Finding true love is a major life goal for most people, but keeping love alive and sustaining a successful relationship is often challenging. If you're facing a failed relationship, it's natural to seek ways to fix that relationship. Letting go of a failed romance can be difficult. In some cases, you may discover that moving on is your best option. But through patience, insight and honesty, fixing a failed relationship might be one of the best choices you'll make.
Explore your reasons for wanting to fix the relationship. There may be unspoken motivations, such as anxiety about finding a new partner, financial dependence on your partner or a sense that you've contributed too much to the relationship to just give up. Understanding these reasons will help you know whether to move ahead and fix the relationship, and also how to fix the specific problems when you do.
Identify the reasons the relationship failed. The reasons may be obvious, including infidelity, frequent fights or disagreements about key issues such as money, marriage or children. In some cases, the failure may stem from smaller and more subtle problems. Small annoyances and disagreements may accumulate over time, creating deep-seated resentment, or you may have stopped communicating.
Respect boundaries. Your partner may not be eager to discuss the relationship. Display patience and respect by acknowledging this. Allow time and space, rather than constantly contacting your partner or aggressively pushing for a discussion. Both of you need time for introspection.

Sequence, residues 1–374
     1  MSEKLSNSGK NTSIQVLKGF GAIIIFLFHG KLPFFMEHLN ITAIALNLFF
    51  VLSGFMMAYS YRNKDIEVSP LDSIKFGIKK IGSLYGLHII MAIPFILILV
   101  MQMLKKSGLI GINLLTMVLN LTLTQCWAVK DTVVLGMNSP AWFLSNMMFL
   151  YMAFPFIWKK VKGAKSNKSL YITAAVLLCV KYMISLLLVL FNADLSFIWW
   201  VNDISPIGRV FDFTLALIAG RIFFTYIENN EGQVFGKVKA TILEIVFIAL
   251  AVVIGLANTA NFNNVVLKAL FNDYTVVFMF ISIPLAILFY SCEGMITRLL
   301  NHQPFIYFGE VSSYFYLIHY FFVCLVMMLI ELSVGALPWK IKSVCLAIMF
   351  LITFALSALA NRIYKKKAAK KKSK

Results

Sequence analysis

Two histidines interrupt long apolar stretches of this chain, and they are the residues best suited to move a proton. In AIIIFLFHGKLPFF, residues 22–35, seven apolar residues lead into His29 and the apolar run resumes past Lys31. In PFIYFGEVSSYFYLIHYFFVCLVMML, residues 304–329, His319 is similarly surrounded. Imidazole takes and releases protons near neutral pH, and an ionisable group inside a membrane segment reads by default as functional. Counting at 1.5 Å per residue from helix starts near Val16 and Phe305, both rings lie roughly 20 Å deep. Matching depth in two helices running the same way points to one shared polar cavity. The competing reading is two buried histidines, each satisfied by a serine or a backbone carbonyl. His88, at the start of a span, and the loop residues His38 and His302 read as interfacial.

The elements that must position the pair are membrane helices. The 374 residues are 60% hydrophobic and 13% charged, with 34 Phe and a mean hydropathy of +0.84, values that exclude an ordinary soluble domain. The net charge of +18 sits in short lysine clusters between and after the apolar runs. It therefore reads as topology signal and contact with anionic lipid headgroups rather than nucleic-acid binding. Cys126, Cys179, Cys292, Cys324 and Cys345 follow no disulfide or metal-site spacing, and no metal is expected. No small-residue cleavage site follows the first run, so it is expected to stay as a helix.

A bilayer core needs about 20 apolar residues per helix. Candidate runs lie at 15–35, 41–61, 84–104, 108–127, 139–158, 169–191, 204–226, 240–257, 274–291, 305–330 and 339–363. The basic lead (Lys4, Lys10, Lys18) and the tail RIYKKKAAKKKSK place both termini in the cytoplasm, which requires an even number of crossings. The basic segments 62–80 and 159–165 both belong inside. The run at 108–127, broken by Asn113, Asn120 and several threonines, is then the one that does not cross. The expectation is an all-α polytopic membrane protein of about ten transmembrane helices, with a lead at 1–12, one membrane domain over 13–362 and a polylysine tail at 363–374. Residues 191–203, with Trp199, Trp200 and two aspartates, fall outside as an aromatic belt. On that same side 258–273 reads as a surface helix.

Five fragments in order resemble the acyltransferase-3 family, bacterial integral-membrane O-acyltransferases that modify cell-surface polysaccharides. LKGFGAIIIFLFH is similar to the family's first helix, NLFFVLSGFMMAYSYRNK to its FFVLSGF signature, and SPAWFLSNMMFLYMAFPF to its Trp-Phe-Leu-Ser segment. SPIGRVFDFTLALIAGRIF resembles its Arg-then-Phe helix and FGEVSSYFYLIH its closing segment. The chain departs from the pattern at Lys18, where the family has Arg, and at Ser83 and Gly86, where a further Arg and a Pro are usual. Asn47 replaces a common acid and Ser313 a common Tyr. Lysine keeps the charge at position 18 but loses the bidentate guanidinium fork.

Communicate. Even if you and your partner already talk to each other, find new, honest ways to communicate. If you've been fighting, agree to set aside past conflicts and listen to each other with open minds. Avoid accusatory language -- say "I feel" rather than "you are." Listen respectfully, and set aside your own interpretations of the situation. Ask that your partner do the same.
Seek professional guidance. When you're dealing with a failed relationship, you probably have habits and patterns that are difficult to break. Seeking the outside opinion and knowledgeable help of a professional counselor can reveal important truths, and strengthen your relationship in new ways.
Remain positive. Dealing with a potential break-up brings negative emotions, including possible anxiety, depression, regret, resentment and feelings of failure. While you shouldn't hide your emotions, try not to display an overly negative image to your partner. Keep an optimistic look and emphasize the positive memories of your relationship.
Improve yourself. In most cases, it takes two people to produce a failed relationship. Look for ways to improve yourself, such as pursuing interests and hobbies you always put off or developing more assertiveness. Don't change merely to please your partner. Consider your own goals and aspirations.
- Relationships take the full commitment and agreement of both people. If your partner does not wish to fix the relationship, accept this and free yourself from the obligation to keep trying.